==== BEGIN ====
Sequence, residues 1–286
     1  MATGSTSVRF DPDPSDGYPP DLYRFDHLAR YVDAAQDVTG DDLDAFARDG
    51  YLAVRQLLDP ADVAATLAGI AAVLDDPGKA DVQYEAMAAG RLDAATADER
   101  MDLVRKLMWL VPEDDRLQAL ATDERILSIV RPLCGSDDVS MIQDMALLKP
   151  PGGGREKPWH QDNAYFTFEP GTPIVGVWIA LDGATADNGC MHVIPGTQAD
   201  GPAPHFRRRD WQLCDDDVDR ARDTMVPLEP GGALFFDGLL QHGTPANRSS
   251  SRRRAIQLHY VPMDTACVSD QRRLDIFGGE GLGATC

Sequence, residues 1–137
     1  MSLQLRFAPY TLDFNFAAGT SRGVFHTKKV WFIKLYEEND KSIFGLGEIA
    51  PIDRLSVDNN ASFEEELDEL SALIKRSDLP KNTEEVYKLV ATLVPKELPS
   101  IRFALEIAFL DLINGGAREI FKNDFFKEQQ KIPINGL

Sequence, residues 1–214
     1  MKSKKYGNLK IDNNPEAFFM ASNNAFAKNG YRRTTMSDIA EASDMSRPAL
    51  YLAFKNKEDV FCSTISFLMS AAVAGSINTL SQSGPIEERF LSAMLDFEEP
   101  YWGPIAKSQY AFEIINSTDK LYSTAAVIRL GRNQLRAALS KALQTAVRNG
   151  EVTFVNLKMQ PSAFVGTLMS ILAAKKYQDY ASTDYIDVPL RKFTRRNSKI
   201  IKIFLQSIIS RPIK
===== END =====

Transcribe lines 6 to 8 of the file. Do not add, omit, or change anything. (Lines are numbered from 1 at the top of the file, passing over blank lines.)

   201  GPAPHFRRRD WQLCDDDVDR ARDTMVPLEP GGALFFDGLL QHGTPANRSS
   251  SRRRAIQLHY VPMDTACVSD QRRLDIFGGE GLGATC

Sequence, residues 1–137